UPPER MARLBORO, Md. — A soon-to-be Prince George's County high school graduate wanted to make this year's Memorial Day special for his whole family.
Maurice Brown II, of Upper Marlboro, comes from a long line of veterans. To celebrate that lineage, the family hosted a celebration on Memorial Day to both acknowledge their shared past and honor their future, as the 18-year-old decided to follow in his family's footsteps and continue his education at West Point Military Academy. He'll become the third generation of servicemen in the Brown family.
The family decided the best way to show appreciation for Maurice Brown II's success was to honor and give thanks to his family members who served in the military during their time of deployment. More than 200 friends and family gathered at the Brown home in Upper Marlboro Monday to celebrate a legacy of service to the country.
“Him deciding to go to West Point not only made me proud, but his grandfather proud and his whole entire family proud,” said the grad's father, Maurice Brown I, a U.S. Marine.
“Blessed is a perfect word,” added the grad's mother, Tabitha Brown, whose own father served as an airman. "We are so grateful.”
“I served from 1971 to 1975 in the 97 Bombardment Squadron, Strategic Air Command at Bligo Airforce Base in Arkansas,” grandfather Odis Graham said. “We are so proud of what Maurice is doing, as we are with all of our grandchildren. We have seven and he’s setting a good example for them."
The future United States Army officer will report to the Academy on July 11, where he'll be a member of the football team.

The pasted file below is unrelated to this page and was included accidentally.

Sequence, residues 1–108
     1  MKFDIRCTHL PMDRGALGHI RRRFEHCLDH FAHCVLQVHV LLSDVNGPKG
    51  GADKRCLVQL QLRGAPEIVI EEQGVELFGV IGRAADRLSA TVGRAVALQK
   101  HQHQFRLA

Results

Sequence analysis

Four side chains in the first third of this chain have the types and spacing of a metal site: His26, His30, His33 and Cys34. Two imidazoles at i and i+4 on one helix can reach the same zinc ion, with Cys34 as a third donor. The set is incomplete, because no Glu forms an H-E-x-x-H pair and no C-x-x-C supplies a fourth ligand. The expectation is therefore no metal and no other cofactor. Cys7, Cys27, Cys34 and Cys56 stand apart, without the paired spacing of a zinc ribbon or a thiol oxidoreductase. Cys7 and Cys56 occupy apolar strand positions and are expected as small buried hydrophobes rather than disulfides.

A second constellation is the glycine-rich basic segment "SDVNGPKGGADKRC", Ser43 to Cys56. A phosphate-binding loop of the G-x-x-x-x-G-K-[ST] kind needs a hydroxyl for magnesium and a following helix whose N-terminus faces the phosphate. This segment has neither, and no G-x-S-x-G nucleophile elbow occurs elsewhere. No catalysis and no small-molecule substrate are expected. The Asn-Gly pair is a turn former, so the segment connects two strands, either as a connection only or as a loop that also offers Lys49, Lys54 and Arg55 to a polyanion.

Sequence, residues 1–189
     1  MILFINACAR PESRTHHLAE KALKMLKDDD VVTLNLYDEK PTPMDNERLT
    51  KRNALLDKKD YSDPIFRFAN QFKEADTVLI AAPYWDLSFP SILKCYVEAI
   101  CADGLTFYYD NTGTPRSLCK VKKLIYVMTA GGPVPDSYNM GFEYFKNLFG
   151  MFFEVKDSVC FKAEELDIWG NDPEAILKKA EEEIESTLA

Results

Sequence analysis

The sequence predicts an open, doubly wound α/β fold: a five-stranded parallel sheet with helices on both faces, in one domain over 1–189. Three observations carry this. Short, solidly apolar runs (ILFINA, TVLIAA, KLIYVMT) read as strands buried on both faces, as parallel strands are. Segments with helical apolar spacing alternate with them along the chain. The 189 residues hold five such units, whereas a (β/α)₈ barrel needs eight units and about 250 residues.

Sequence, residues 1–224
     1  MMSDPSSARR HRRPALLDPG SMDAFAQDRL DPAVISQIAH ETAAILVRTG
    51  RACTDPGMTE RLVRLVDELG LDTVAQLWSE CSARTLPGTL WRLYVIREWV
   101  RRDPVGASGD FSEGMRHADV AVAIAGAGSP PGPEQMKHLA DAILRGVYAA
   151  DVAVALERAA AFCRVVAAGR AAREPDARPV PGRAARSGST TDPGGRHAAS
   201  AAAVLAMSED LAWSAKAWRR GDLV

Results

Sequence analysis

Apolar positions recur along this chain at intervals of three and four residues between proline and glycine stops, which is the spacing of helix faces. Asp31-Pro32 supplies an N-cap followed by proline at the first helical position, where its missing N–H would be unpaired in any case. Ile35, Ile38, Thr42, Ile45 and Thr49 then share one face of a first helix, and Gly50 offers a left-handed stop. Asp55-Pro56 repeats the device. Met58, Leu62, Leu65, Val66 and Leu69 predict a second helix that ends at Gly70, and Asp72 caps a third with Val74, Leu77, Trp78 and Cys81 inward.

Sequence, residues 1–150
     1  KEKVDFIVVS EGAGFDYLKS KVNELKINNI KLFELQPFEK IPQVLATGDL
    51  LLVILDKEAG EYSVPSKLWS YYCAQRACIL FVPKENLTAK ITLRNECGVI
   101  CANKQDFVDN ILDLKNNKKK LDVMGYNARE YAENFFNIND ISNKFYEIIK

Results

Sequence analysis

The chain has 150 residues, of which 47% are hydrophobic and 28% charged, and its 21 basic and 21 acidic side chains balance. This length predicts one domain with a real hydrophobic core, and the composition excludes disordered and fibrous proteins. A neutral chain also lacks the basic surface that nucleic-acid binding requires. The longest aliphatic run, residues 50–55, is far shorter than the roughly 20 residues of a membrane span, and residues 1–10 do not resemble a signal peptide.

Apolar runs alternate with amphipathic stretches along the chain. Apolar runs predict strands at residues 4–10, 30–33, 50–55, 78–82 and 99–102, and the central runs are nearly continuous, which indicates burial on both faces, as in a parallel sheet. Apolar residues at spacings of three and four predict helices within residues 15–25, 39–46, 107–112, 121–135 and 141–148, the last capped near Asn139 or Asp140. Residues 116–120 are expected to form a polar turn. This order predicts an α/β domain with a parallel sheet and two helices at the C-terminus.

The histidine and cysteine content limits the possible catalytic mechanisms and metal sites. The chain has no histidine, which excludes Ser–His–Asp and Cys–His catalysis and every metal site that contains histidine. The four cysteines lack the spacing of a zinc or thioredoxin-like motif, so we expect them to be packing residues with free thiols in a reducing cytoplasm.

“I think it’s just a powerful statement to go to a college that represents the United States and play football,” said Maurice Brown II.
Maurice Brown II played quarterback most of his childhood. In the 10th grade, he left his private school to play football at Charles H. Flowers High School in Prince George’s County. Then, the pandemic sidelined his junior year.
“It wasn’t really a year off," he said. “I used it to train, practice and develop and get better.”
And he did get better. Brown stepped onto the field quickly becoming a star athlete in his senior year of high school. He said at the advice of his coach, he switched positions to tight end receiver in order to get more recruiters interested, a strategy that worked.
Brown II had the ultimate choice to make on college signing day. He was accepted to over 20 universities across the U.S with scholarships and awards totaling more than $1 million.
He was able to shorten the list of universities he was interested in attending for the upcoming school year to five schools, all of which offered between $125k-$225k in scholarships.
- Brown University
- Georgetown University
- United States Military Academy at West Point
- United States Naval Academy
- Virginia Military Institute
All of the universities offered him the opportunity to play on an NCAA Division I football team.
“We see in Maurice my husband’s hard work, my father’s hard work, my mother’s hard work, the sacrifice that has come before him," Tabitha Brown said of her son. "We’re so grateful.”
Her father served from 1971 to 1975 in the 97 Bombardment Squadron, Strategic Air Command at Bligo Airforce Base in Arkansas.
“We are so proud of what Maurice is doing, as we are with all of our grandchildren," grandfather Odis Graham said. "We have seven and he’s setting a good example for them."
Despite the difficulties the pandemic posed, Brown II had an exceptional senior year academically by maintaining a 4.125 GPA and athletically with the Charles Herbert Flowers Jaguars. He received numerous awards as a scholar and a member of the Heart Church Ministries, as well as traveling to Germany and India through the Children's International Summer Villages. He won two science fair awards in Microbiology and Environmental Science.
“I’m blessed to be his father,” the elder Maurice Brown said, as his eyes welled up with tears. “It’s our hope and prayer that he continues to grow and become the young man we raised him to be. His future is bright."